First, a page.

I first came across this notion in the work of Carl Rogers when I was doing my training in person centred counselling. Authenticity, or ‘congruence’ or ‘genuineness’ is according to Rogers, and he spoke and wrote from years of experience as a psychological researcher and therapist in the 1960s and 70s, one of the core conditions for growth and change. It must be present in the counsellor and in turn the counsellor communicates that to the client who then grows into their own authenticity. This also reaches into our everyday relationships. If we can be authentic in our day to day relationships, this facilitates authenticity and growth in others too. I have certainly found this in my work with young people. Being ‘real’ is another way of saying it. But what does it actually mean? And how easy or difficult is it to express?

Here is my understanding and experience of it. It’s a knowing, acceptance and even a loving of ourselves so that we feel confident to express all of who we truly are in each moment.

Here’s how it’s challenging. In no particular order…first comes social and familial conditioning, including culture and ancestral patterns. Arguably this is the biggest challenge of all because so many people take what family members, teachers, bosses, colleagues, even so-called friends say and behave towards them for granted as being real and true. The messages we get as children, when we are fist starting out in this life are crucial to this. For example, we are told by a caregiver that anger is not allowed, and we believe this to be true and stop expressing it. Crucially though, we still continue to feel it, because it is part of being human and it is really a signal to us that something is wrong. These messages are incredibly powerful patterns and are passed down the generations through centuries of felt experience. There is a lot of talk just now about limiting beliefs because in order to bring the new world or new story into being we need to move past entities which are untrue. But in order to do that we need to reach the realisation that most if not all of our beliefs are just constructs. The message ‘you will never be good enough’ is just as true as ‘you are a balloon’. This conditioning makes it hard for us to know, accept or love ourselves, so getting to be authentic stays out of reach, along with the joy and freedom that a truly authentic relationship with self and others can bring.

As long as we are caught up in the conditioning, we will struggle to know ourselves. And this is another challenge. How do we know who we ‘truly’ are? Surely I am that which does this and that, thinks this and that, does this or that, believes this or that. No, you are not any of that.  It begins with a wake-up call. And each and every one is completely unique. So without listing the infinite number of experiences that we can have which make us wake up to what is really going on…what they all have in common seems to be an irresistable feeling of ‘life has to change. I cannot go on like this.’ And then we might seek help, or we might even realise what we need to do. And what we need to do sounds simple – to get back to who we have always been – but is quite tricky indeed!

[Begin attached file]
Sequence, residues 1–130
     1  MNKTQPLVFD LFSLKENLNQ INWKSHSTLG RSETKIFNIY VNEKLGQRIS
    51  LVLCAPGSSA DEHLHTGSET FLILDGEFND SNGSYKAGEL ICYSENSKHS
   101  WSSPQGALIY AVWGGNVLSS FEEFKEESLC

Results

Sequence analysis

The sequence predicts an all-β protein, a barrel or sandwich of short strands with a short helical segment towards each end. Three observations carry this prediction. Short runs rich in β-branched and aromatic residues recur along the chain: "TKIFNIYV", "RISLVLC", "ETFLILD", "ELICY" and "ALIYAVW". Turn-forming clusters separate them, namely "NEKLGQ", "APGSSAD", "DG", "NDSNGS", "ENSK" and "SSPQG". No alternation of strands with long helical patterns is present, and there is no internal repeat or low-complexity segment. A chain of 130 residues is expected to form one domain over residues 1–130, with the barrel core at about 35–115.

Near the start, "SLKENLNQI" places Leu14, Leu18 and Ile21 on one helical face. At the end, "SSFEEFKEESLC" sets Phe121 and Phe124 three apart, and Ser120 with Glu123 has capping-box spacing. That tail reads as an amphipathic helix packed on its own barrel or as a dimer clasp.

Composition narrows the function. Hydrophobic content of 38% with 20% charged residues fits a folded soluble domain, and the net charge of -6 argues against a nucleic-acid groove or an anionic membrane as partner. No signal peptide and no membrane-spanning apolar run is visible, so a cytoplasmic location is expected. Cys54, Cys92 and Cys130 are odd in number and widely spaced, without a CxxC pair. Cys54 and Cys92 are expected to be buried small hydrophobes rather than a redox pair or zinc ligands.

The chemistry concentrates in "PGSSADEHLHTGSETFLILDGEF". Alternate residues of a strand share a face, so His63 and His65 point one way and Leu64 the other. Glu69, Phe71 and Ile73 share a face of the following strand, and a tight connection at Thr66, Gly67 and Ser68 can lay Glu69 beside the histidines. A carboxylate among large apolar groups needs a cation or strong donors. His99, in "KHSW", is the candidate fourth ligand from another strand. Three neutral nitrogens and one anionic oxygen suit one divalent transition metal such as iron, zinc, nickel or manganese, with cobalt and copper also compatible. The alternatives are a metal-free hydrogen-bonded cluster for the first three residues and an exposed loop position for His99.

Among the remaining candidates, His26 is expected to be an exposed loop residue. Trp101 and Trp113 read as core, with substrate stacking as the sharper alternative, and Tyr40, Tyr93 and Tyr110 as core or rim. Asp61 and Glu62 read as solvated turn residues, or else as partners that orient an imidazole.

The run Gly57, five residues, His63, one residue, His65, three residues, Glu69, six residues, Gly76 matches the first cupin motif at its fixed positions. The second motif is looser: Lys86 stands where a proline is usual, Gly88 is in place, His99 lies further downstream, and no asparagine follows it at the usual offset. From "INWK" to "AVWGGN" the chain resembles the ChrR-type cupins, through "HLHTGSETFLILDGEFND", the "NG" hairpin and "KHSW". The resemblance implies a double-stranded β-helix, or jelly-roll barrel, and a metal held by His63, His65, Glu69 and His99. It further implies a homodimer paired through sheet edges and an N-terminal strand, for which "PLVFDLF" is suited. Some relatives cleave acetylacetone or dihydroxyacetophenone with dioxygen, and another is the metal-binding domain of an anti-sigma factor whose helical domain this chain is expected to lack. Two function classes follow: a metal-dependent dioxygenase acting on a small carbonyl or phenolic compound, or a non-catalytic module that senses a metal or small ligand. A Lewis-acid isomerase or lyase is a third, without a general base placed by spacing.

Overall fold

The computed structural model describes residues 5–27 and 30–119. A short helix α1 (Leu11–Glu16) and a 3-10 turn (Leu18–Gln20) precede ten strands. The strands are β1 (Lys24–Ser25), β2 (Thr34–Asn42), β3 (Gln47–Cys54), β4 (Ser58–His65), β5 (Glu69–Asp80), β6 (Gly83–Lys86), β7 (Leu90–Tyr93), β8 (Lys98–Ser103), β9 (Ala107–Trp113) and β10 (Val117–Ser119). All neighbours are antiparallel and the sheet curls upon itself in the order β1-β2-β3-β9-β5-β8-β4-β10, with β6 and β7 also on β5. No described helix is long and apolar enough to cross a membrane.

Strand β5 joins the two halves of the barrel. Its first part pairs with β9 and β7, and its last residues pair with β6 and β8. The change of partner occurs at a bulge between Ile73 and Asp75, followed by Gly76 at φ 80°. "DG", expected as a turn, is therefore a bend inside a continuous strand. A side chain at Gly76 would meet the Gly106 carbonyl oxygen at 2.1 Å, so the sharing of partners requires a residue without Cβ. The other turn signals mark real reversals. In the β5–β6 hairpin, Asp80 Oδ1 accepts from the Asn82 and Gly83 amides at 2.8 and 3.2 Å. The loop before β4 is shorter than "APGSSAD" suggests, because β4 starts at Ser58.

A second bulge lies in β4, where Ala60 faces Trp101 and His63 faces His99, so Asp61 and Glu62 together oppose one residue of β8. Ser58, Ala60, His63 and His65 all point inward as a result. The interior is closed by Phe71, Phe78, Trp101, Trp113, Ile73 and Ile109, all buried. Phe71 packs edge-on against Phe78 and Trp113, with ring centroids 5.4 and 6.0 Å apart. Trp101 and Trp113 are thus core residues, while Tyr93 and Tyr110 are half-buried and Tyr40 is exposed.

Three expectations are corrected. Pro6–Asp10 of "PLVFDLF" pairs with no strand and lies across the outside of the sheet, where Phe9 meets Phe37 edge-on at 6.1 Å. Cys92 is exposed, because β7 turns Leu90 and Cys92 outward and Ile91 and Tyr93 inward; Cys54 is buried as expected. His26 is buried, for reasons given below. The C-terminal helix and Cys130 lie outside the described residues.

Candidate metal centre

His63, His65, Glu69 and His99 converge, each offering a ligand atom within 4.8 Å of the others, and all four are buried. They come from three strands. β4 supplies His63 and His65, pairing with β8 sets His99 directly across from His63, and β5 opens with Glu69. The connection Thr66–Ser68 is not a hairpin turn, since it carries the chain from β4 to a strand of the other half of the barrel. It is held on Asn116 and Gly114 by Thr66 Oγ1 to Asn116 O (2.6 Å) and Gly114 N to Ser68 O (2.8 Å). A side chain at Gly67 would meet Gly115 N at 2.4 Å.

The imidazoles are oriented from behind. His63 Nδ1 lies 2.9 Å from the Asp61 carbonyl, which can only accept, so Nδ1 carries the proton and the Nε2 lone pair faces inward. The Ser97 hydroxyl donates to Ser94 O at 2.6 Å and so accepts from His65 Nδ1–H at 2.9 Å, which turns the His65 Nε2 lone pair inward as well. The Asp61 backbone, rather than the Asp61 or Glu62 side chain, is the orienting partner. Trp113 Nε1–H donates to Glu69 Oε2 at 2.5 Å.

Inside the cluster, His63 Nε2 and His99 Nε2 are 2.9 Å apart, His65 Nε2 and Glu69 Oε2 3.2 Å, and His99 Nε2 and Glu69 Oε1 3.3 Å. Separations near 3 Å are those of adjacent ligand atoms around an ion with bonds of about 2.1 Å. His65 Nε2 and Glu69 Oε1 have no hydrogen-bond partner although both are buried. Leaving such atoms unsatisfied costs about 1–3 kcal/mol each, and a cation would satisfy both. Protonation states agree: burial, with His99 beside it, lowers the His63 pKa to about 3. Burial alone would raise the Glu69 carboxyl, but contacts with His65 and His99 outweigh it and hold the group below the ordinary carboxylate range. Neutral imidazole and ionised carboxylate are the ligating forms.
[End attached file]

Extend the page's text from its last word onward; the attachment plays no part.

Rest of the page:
Who we always were? We come into this world trusting, with the seeds of our unique potential, and ready to give our unconditional love to all we meet and many of us find the right conditions in which to grow – a family or social environment where love is given unconditionally. Even if we don’t, there is still hope. Many of us later meet helpers or teachers as I see them (and that includes friends, lovers, colleagues, therapists and others) who do give us that. And so we grow like a tree grows, with some branches confidently expressing all they are and others stunted and delayed.

So the overarching challenge to being real and authentic is fundamentally this – we need to know, love and accept ourselves including (and perhaps especially) our imperfections before being authentic even makes sense. A person who is in the thrall of unconscious false beliefs is always holding something back, so authenticity in its fullest sense – that is, ALL we truly are – is impossible.

There is a lot of work to be done, and there is a call to do it now. Our core current lessons are these:




And then, knowing, accepting and loving each other.

And then some more of all of that!

And then throw in bravery, curiosity and creativity and you have a curriculum fit for the soul.